Cytometry and Antibody Technology

Life Technologies Attune Cytometer… Deja Vu

by | Oct 17, 2012 | Archives, Instrument Demo | 0 comments

This archived post was originally written by Ryan Duggan when he was the Technical Director. Ryan has since moved to a position outside of the university. 

It wasn’t so long ago that I blogged my impressions of the newly released Attune Cytometer from Life Technologies.  Although overall, the system seemed pretty good, I did find some disheartening issues with both the hardware and software.  There’s no reason why this instrument shouldn’t be one of the best pieces of hardware on the market, regardless of price-point.  The entire premise of acoustic focusing should lead to excellent fluorescence resolution.  So, when Life Technologies approached me again to give the Attune another look, I obliged.  The reason for the poor performance the first go around?  Poor alignment and a very generous install specification.  With some of those issues taken care of, I was able to spend a few months with both the Blue/Red laser configured system and the Blue/Violet system.  I’ll reference back to the original article in various places, and highlight some of the improvements I’ve seen with the systems.


Much of the fluidics system has remained unchanged for the most part.  A few of the biggest issues from the prior testing have been addressed specifically point #8 where there seemed to be some fluctuation of the fluorescence signal after a re-draw of the sample syringe.  That no longer happens and is not an issue.  The other issue is the return of unused sampled once you’ve acquired enough events.  Now, at the end of a run, you can enable a script to return the unused portion of the sample to your tube.  I’ll also mention the startup and shutdown procedures here as well.  They’ve really done it right on this system.  You can start and shutdown the fluidics without having to log in (useful for usage tracking in a core facility).  Also, the system turns itself off after the shutdown is complete, which is nice at the end of the day.  Lastly, their performance tracking QC module works well and is very informative, yielding Levy-Jennings-type plots for all your parameters as well as giving you an overall pass/fail (similar to CS&T in DiVa).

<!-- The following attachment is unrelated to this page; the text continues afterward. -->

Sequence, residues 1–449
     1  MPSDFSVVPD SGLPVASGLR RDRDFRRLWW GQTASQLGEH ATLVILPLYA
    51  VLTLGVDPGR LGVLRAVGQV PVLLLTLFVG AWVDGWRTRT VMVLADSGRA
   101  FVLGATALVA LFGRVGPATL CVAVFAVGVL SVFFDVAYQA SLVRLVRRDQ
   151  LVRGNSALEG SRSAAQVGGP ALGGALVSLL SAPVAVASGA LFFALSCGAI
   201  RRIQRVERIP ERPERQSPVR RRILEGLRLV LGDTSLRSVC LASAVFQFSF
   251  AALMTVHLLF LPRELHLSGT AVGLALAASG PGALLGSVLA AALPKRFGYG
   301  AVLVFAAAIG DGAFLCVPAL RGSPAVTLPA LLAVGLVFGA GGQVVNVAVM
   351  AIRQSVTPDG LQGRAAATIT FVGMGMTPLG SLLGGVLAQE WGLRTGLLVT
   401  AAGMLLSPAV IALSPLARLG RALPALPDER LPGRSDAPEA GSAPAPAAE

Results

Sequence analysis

If you’ve used DiVa, you’ve used the Attune software.  The software was pretty snappy overall, and handled large data files (>100,000 events) without hesitation.  There’s still a lag switching between tubes while you’re waiting for the fluidics to finish its process.  It’s long enough for you to notice it, but not so long that it becomes annoying.  It’s times like this however, that I wish I would have had the 96 well loader on the system.  Also, the plot scale needs to be changed.  Right now, they’re displaying a 7-log scale of which the first 2 logs are pretty much useless.  In setting up an unstained control, you end up putting your cells between the 2nd and 3rd decade anyway, so there’s no reason to have empty white space at the bottom of your plots.  This only adds to a user’s confusion on how to optimally set up their voltages.

There is no noticeable differences in Optics or Electronic other than the introduction of a Blue/Red laser configured instrument, which is built as a 4-2 configuration.


As far as testing goes, I focused on resolution tests I had run previously on the system, which utilizes stained capture beads.  I was working on a further development of this technique which has resulted in a quantitative metric called qNORM.  The qNORM can be defined as the minimum number of antibodies bound to a cell that can be resolved from unstained lymphocytes.  For example a qNORM value of 1000 would mean that this channel on this instrument could resolve a cell type that was stained with as few as 1000 antibodies from the unstained cells.  In testing the Attune systems, I used a few other instruments in and around the flow facility for comparison’s sake. The first table below summarizes the instruments used (including the laser powers and the vintage/health of the specific instrument tested).  The second bar graph shows the qNORM values for the different instruments for 5 fluorochromes.  Please note:  lower qNORM values = better resolution.

Instruments at UCFlow tested for the qNORM characterization
qNORM values for 5 channels on the respective instruments.  Error bars are calculated from 4 separate experiments.

What we can take home as far as the Attune’s performance on these tests is that it falls in line with its cohort on some of the channels (similar in FITC to a FACSCanto and MACSQuant), but does surprisingly well in other channels (as good as the Gallios or Fortessa in the PECy7 and APC Channels).  You’ll notice an anomaly in the PECy7 performance of the BV Attune compared with the BR Attune.  This is due to a suboptimal filter on the BV for PECy7 (a 650 LP instead of a specific PECy7 filter such as a 780/60 BP) and a non-red sensitive PMT in that channel.  Both of these deficits can be easily fixed by swapping in a appropriate filter when using that color or using a more red-sensitive PMT.

Final Thoughts:  The units I evaluated this time around performed much better on all the tests run.  The most remarkable feature of the Attune is its ability to perform on par with the more expensive cytometers in some of the channels AND retain that level of resolution at much higher flow rates.  I said it before, and I’ll say it again, “There’s no reason why this instrument shouldn’t be one of the best pieces of hardware on the market regardless of price-point”, and if they continue to develop the platform, specifically working on the software issues highlighted above, I think it could easily take that crown.


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